Tuesday, November 22, 2016
RIP William Trevor - one of the 2 greatest living writers of short stories in English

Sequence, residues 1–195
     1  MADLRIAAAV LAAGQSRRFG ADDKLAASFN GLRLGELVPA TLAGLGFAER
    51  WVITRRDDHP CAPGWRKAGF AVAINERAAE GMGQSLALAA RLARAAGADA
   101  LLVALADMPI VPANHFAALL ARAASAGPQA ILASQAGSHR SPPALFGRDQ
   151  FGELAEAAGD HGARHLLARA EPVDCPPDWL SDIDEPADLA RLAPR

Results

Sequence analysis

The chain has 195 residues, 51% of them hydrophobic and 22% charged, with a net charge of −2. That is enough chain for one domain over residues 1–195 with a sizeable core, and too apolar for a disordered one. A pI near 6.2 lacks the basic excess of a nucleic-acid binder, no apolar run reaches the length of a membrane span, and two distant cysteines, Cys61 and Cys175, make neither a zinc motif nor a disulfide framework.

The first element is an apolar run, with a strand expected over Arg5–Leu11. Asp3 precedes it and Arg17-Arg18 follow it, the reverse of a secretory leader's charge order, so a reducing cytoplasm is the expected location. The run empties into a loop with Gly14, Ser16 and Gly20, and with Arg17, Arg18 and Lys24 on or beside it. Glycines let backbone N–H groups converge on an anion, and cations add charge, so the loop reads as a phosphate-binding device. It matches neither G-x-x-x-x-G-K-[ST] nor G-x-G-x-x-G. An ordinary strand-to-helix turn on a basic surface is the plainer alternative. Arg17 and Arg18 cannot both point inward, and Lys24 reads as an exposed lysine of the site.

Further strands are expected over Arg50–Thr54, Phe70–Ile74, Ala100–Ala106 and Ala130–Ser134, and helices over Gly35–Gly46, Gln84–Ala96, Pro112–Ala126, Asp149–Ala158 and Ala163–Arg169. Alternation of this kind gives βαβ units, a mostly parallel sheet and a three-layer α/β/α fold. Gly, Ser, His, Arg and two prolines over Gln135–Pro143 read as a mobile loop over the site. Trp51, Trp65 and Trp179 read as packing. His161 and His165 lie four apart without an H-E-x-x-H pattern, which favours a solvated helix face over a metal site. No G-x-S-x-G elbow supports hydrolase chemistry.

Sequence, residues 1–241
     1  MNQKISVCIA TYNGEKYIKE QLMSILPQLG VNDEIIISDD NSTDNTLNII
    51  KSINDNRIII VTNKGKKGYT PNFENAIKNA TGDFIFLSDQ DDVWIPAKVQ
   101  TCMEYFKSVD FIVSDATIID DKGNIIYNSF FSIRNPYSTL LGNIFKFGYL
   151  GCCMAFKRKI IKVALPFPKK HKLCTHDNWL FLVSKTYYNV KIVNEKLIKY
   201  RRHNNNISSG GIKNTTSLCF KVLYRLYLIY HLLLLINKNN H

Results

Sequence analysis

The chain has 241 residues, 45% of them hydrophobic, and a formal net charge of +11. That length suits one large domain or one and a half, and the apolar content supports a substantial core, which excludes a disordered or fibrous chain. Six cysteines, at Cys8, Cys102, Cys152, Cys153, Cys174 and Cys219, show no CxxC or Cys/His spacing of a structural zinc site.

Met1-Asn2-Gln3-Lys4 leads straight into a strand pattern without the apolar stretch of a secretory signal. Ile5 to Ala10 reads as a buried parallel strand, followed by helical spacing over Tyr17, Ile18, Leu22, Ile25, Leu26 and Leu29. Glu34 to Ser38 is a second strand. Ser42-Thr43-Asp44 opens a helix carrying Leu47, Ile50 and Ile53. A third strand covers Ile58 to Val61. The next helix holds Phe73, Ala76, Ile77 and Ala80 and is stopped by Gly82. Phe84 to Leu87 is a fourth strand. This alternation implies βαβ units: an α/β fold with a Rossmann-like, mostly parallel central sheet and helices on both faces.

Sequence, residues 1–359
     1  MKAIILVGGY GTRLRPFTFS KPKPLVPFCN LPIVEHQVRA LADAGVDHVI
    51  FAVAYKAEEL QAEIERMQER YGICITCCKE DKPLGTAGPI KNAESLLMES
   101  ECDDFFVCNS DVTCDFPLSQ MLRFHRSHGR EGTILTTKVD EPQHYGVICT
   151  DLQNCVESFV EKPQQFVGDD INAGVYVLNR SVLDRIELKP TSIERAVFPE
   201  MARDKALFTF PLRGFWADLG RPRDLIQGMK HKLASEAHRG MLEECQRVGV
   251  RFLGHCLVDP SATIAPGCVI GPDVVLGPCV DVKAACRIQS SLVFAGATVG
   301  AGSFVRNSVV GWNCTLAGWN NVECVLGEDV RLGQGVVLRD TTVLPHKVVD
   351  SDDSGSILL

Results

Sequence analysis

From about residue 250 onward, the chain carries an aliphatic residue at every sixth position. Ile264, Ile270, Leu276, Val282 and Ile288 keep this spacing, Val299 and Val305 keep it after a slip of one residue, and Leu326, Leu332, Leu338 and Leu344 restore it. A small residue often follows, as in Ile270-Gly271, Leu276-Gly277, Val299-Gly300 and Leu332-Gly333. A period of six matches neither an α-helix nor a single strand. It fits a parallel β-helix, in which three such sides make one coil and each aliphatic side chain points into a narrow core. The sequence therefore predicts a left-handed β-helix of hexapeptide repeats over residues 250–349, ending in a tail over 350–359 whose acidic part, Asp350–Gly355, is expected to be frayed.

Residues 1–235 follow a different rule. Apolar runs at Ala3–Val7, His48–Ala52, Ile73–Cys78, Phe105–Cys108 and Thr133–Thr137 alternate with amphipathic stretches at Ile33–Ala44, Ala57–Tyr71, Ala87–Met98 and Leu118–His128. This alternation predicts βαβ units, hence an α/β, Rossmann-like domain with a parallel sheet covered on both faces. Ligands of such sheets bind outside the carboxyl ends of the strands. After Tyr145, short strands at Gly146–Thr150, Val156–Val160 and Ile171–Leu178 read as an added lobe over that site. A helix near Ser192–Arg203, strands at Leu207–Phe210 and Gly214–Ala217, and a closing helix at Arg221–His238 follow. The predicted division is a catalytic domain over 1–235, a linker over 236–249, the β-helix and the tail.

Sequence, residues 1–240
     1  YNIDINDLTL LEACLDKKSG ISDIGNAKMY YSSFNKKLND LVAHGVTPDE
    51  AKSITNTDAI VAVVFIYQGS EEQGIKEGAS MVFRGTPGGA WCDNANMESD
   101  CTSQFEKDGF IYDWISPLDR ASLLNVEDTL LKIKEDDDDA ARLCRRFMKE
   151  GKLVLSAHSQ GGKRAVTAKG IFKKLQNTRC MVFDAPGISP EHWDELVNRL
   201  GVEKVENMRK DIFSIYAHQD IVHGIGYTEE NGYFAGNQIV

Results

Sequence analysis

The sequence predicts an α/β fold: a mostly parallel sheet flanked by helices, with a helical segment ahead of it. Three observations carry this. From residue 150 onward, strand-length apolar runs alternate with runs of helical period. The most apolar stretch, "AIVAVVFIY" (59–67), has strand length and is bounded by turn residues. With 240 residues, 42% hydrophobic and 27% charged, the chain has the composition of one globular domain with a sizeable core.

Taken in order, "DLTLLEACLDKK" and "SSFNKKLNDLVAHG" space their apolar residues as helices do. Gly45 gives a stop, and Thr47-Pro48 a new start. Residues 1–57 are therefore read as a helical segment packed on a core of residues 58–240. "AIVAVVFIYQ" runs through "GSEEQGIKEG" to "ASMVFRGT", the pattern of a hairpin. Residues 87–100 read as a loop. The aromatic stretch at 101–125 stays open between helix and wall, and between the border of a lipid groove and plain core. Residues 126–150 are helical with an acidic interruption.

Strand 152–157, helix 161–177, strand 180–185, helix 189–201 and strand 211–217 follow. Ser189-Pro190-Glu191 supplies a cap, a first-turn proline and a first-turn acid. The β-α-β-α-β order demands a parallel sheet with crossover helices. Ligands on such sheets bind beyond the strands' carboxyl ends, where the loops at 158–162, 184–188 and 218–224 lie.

Rest in peace William Trevor, who died today (ou peut etra hier), one of the two greatest living English-language short story writers is now gone (leaving Alice Munro) - though neither had been publishing much if at all over the past three or four years. Trevor was often called the English counterpart to Chekhov, and I think that's quite accurate: his short stories were like novels in miniature, not because they were packed with action or incident, quite the opposite, but because by containing so little - often just one scene or action - they conveyed and implied so much. I was not surprised to read in the NYTimes obit that Trevor had in earlier life pursued a career as a sculptor: in both sculpture and writing, his writing anyway, it's all about what's removed from the fiction (as he said in one interview); he has also said that he considers his novels - there were more than a dozen - to be failed short stories. His career as a sculptor also explains the haunting beauty of one of his greatest stories, Sacred Statues - about a young man who gives up a working-class job to create statuary for churches, but can't make a living at it, ends up on a road crew, and the beautiful last line that I can only paraphrase: The world, not he, had failed. I wish I could remember more of his stories in detail - but what stays with me is primarily the mood of loneliness, sorrow, missed opportunities, a world of being much like Chekhov's, as it happens. I believe I have 17 posts on Trevor, which those interested can look at - mostly from my reading of his Selected (or Collected?) Stories, about 5 years ago. I would say the only thing not good about Bob Dylan's winning the Nobel Prize for literature this year is that now Trevor will never receive the honor (which goes only to living writers): I wish they split the prize the year Munro won (as they did years ago, I think for 2 Israeli authors).